The report details both ecological and crop breeding solutions to Africa's worrying rates of malnutrition. For example, home gardens, whereby a diversity of crops are grown around the home, can increase the variety of nutrients in a household's diets.
Similarly, orange-fleshed sweet potatoes, which have been bred from conventional sweet potatoes to have higher levels of beta-carotene (the pre-cursor of vitamin A) have already reduced malnutrition in Mozambique and Uganda, where this micronutrient was often lacking in the staple diet.
Yet another example is the use of Faidherbia trees, a leguminous tree which curiously sheds its leaves in the wet season, thereby providing a natural nutrient source to crops planted underneath while allowing for sunlight to pass through during the growing season. Maize yields have been boosted by the increased access to nitrogen from the leaves, which is crucial for plant growth, while at the same time decomposition of the tree's leaves into the soil sequesters carbon. It is these win-win examples Sustainable Intensification encompasses.
An enabling environment for Sustainable Intensification
But technological measures such as Faidherbia, other agroecological approaches or various forms of crop and livestock breeding are only part of the answer. They must be coupled with the development of an enabling environment conducive to the generation and adoption of Sustainable Intensification. In particular, farmers must have access to fair and efficient markets and be part of remunerative value chains. Farmers' cooperative associations can assist smallholder producers in marketing their products and receiving higher prices by helping to centralize access to credit and stocks, offering better quality of storage facilities and increasing farmers' bargaining power when selling surplus crops.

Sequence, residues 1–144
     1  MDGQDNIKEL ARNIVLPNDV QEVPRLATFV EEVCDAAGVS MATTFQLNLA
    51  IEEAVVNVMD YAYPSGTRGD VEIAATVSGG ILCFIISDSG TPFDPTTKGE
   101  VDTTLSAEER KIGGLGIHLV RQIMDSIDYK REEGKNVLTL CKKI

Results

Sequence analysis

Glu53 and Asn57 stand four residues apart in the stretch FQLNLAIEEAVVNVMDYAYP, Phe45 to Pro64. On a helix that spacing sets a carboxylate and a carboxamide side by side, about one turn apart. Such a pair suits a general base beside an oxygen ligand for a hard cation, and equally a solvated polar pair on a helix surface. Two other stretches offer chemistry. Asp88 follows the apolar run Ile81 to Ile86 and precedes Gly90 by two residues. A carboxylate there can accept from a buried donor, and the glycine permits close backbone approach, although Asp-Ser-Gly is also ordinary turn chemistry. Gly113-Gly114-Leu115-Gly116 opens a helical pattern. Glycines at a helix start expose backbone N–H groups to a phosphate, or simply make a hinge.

Relevant to all forms of Sustainable Intensification is science and innovation, which not only allows advances to be scaled up and out more widely, but from which new technologies to tackle novel, unpredictable and growing global challenges such as climate change will come. Support for research, development and education from the local to global level is also a must.
Sustainable Intensification as a development priority
The appeal of Sustainable Intensification should be felt by policy makers, investors and practitioners alike because of the efficiency and impact it can have. It should also appeal to smallholder farmers in Africa as well, who are struggling to feed themselves and those dependent on them.
As we look to the significant growth in agriculture and the wider economy many African countries have experienced in the past decade, a focus on Sustainable Intensification, the tools of which are often generated by farmers themselves, can not only sustain and improve food production increases but ensure such growth is positive for a range of outcomes and sustained.
The linkages between agriculture, health, poverty and well-being should be recognised within the post-2015 development agenda. Indeed Nobel Prize-winning economists agreed in the 2012 Copenhagen Consensus that nutrition combined with agricultural interventions should be the top priority investment for development impact globally.
By focusing on a goal of increasing agricultural productivity in a sustainable manner that is resilient to climate change, the post-2015 development agenda faces a real possibility of making significant progress towards eradicating the injustices we face in the world t